“This is how the media is being treated out here,” Fox wrote alongside a video posted on Twitter. In the video, as she and the crew are navigating the crowd, demonstrators can be heard yelling, “Fuck the media,” and “Get out of here.” At the 11-second mark, a woman lurches at what is presumably Fox’s phone, but Fox quickly turns away. The same woman grabs and kicks another, unidentified member of the crew a few seconds later. In the back, a demonstrator can be seen reaching for the Fox cameraman’s equipment. Toward the end of the video, several people follow the crew and continue to harass and film them, but ultimately fall back. In another video shared with the Tracker, a demonstrator is seen ripping off the cameraman's mask.

Fox could not be reached for comment.


At around 4:45 p.m. near the Russell Senate Office Building, independent White House correspondent Douglas Christian was harassed, pursued and punched in the face by Pro-Trump demonstrators.

Christian told the Tracker he had two government-issued press badges displayed around his neck and was taking photographs when "increasingly angry" protesters started to harass him, saying "Democrats should be tried for treason."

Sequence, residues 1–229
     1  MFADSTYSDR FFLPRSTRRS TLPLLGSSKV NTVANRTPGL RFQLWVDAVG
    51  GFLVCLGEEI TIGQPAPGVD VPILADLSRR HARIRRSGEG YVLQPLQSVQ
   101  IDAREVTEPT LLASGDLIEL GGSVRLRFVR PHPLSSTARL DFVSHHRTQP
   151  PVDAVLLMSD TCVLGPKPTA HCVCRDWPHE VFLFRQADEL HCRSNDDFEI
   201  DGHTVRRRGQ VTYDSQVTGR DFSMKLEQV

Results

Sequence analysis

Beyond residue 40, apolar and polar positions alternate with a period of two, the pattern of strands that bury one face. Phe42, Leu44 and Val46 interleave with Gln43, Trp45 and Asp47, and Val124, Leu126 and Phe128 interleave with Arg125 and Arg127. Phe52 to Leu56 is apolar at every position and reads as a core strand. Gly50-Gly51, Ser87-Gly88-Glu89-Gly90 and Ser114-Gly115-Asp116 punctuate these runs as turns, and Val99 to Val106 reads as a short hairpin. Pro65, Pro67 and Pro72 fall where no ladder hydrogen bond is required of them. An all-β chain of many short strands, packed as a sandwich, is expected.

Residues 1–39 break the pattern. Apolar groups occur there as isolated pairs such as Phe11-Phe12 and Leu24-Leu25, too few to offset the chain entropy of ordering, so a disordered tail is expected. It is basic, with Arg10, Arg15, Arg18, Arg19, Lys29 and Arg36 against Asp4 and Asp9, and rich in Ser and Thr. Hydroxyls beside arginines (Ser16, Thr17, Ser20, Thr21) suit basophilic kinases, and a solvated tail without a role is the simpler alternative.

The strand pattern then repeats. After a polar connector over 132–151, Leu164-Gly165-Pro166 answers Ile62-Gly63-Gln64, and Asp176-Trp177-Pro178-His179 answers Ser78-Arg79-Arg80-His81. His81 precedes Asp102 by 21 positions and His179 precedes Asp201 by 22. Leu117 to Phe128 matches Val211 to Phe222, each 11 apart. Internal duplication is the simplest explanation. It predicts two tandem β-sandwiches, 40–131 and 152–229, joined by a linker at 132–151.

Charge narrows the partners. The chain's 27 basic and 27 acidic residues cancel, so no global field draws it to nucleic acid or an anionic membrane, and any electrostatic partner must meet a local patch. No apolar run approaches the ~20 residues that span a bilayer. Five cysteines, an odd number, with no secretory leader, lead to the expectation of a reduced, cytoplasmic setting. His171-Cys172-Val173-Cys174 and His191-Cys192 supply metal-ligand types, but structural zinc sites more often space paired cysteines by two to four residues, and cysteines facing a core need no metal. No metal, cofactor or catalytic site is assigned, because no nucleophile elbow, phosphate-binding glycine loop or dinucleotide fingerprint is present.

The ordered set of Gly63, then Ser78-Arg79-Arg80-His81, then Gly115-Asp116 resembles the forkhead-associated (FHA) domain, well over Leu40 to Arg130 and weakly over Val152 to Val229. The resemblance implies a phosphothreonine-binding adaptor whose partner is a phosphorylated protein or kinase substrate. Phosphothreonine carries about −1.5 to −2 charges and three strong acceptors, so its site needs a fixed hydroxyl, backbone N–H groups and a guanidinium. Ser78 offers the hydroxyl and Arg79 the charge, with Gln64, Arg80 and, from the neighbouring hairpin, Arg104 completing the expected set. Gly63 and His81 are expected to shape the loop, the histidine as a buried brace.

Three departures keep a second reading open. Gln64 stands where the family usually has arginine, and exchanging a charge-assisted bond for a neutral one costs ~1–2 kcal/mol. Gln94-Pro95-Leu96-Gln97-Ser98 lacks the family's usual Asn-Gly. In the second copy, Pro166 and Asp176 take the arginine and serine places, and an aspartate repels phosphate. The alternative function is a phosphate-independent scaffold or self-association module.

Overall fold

One of the demonstrators tried to grab his press pass, according to an article in the Maryland Reporter and confirmed by Christian.

As he tried to leave the area, another man began shouting obscenities after him. He said he ignored the man, but then was pursued.

Out of nowhere, the man punched him right in the face and his glasses went flying, Christian told the Tracker.

"My ear, which he didn't hit, was in terrible pain. I thought, did I just suffer a hemorrhage in my brain? I actually think I was doubled over in so much pain that he didn't punch me again."

As he was leaving the area, he said he saw a police officer nearby and recounted everything that had just happened, but the officer "wouldn't even acknowledge my presence."

Subsequently, a Capitol Hill staffer scolded him for approaching the officer. "You’re distracting the officer. He can’t do anything about the guy who is assaulting other people," Christian told the Reporter.

He later tried to contact Capitol Police about the incident, but has yet to hear a response. Christian said he also still has difficulty chewing and is requesting an X-ray for more information.

In a press release the next day, outgoing Capitol Police Chief Steven Sund called the attacks on Jan. 6 "criminal riotous behavior" and said the United States Capitol Police would be conducting a "thorough review of this incident."

The U.S. Press Freedom Tracker catalogues press freedom violations in the United States. Email tips to [email protected]